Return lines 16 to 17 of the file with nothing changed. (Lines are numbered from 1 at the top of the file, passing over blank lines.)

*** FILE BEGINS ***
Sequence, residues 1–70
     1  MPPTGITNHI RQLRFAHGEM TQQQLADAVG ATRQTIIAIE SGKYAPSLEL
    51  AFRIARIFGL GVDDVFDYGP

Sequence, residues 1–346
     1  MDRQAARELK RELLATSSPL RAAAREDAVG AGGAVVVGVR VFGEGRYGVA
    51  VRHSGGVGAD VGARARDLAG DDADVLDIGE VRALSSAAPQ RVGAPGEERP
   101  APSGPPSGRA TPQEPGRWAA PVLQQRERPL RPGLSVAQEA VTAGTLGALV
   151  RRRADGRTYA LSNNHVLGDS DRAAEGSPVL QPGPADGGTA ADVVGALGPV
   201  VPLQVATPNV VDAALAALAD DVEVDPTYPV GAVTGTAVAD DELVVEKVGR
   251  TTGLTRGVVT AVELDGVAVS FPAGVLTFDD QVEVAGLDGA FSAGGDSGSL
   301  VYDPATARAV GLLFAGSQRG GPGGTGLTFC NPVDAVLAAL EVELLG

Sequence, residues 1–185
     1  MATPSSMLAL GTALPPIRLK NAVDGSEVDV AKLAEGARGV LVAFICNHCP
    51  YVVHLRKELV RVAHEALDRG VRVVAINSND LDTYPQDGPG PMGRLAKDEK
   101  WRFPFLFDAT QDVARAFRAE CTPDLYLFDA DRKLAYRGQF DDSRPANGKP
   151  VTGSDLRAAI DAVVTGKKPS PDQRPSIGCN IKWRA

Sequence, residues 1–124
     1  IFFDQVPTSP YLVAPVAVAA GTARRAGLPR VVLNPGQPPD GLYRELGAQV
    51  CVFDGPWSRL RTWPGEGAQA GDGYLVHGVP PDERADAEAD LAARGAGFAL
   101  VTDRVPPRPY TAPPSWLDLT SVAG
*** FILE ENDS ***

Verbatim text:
   151  VTGSDLRAAI DAVVTGKKPS PDQRPSIGCN IKWRA

Sequence, residues 1–124